Changes in the physical properties of a reservoir during hydraulic fracturing of the hydrocarbon bearing layer are performed to increase the productivity of oil-and-gas wells. These changes in physical properties were studied using analyses of seismic recordings of perforation shots carried out on two monitored wells within the Fort Worth Basin, North Texas (USA). Seismic recordings obtained from monitor wells distributed at a distance not exceeding 1000m from the source were chosen for analysis. The process of hydraulic fracturing included multiple stages; perforation shots were set off before the start of the process as well as between stages. The signals were recorded using a system of 12 three-component seismic receivers, installed vertically in the monitor well.

The analysis of waveforms and spectral characteristics of P-waves has shown that the character of the recorded signal and the P-wave spectrum are being repeated with high precision (correlation coefficient >0.95) for shots that are close in time (interval between shots < 10mins) and in space (distance between blasts < 15m). Lower correlation coefficients (<0.3) and spectral differences were observed for signals diffusing from the same point (distance between shot locations - 12m), but separated in time by hydraulic fracturing. These results confirm that the process of hydraulic fracturing leads to substantial changes in the physical properties of the reservoir that can be shown experimentally and analyzed theoretically.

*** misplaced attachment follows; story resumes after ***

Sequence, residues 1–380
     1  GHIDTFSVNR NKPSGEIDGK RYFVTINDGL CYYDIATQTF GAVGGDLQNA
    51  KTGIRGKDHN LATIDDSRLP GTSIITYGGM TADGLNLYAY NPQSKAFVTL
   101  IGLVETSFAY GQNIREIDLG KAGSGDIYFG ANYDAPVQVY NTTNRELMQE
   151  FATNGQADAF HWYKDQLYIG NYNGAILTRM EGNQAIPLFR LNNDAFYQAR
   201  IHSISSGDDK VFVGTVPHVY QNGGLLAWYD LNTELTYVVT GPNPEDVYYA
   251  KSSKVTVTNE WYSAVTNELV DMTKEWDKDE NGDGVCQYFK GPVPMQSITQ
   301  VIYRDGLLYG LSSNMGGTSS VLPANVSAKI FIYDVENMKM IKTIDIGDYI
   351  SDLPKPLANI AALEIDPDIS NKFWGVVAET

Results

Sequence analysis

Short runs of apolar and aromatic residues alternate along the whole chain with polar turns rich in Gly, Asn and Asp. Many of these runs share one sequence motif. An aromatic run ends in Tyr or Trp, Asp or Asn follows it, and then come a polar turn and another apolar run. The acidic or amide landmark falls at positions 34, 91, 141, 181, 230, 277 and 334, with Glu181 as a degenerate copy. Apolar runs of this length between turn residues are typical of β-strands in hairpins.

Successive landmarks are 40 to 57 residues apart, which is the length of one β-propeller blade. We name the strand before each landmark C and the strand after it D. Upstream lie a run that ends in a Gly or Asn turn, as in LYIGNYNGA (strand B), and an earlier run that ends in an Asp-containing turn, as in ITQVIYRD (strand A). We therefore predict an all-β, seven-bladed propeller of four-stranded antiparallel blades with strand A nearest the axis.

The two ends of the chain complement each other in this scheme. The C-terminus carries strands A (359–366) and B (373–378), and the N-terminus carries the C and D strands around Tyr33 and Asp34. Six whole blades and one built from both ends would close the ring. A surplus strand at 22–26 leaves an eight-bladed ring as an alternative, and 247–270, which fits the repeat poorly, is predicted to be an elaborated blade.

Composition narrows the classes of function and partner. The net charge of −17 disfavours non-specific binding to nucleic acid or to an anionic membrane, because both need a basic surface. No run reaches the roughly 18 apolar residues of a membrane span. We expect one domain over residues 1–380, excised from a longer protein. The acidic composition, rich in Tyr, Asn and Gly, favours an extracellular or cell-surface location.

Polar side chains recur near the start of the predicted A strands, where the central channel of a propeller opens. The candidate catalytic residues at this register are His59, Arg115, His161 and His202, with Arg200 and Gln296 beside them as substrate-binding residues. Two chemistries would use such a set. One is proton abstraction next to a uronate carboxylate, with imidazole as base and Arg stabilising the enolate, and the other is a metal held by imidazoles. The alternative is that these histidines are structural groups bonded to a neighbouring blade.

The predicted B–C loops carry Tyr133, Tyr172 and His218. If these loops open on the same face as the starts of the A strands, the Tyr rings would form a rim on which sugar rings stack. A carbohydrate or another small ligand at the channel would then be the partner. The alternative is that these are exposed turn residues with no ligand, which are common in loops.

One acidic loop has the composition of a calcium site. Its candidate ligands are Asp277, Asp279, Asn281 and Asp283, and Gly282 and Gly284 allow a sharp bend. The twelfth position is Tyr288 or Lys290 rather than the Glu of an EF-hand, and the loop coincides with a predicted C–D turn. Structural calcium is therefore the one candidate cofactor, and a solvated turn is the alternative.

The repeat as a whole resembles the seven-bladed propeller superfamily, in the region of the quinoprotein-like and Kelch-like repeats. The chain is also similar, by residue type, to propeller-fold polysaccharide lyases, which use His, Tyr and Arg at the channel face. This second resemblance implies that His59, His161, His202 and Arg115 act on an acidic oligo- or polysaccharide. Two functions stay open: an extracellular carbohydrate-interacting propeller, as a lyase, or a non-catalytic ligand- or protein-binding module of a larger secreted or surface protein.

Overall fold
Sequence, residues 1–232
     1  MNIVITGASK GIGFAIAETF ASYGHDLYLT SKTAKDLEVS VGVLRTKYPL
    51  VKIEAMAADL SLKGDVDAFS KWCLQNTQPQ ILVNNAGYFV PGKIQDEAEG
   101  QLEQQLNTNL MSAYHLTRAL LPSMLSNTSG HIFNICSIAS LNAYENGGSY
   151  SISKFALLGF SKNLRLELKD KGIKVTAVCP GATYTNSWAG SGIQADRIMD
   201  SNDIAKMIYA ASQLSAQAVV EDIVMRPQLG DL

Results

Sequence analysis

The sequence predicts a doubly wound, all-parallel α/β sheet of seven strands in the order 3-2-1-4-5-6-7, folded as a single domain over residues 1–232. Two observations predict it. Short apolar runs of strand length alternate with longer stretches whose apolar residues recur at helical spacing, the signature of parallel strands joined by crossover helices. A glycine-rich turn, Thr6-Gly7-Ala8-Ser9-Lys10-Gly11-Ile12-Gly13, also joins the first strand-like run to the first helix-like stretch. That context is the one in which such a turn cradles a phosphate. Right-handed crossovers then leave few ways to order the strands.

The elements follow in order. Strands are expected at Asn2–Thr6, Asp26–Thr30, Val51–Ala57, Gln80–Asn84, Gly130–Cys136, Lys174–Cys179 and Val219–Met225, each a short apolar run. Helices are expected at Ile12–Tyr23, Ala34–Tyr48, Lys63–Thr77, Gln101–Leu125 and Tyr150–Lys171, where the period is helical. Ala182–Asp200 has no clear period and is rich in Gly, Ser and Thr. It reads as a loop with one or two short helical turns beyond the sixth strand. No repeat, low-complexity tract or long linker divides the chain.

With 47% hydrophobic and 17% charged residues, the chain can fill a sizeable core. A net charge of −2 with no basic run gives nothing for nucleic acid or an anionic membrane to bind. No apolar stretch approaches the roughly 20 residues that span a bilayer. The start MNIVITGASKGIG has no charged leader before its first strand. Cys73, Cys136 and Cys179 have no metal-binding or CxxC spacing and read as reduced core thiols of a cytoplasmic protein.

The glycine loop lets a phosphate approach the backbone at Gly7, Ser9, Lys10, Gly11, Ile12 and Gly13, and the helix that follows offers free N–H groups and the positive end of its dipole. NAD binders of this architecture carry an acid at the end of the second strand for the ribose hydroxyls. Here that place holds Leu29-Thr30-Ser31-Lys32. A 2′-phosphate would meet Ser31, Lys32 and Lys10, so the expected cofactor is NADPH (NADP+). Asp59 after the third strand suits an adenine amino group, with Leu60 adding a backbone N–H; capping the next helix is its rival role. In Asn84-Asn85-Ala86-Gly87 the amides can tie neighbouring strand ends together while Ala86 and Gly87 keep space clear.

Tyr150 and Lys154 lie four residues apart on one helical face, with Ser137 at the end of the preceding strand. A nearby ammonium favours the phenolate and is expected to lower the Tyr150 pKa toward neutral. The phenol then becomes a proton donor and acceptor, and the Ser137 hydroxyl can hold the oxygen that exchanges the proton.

Various natural and artificial processes that occur in the Earth's crust - natural earthquakes, hydrothermal activity, the development of geothermal reservoirs, the injection of waste water into reservoirs, and the processes of hydraulic fracturing during the completion of oil-and-gas reservoirs - significantly influence the physical properties of geological media. However, until recently, a priori defined seismic models built on initial data and not corrected for errors associated with underlying processes have been used in seismological research. The use of this approach with time leads to interpretation of results that no longer adequately reflect the reality of the medium. Theoretical investigations of complex media indicate that changes in the stress state and fluid saturation of the medium lead to substantial changes in its physical properties (Nur, 1971; Rathore et al., 1994; Cesnokov et.all, 2009; Zatsepin and Crampin, 1997).

URTeC 1619217

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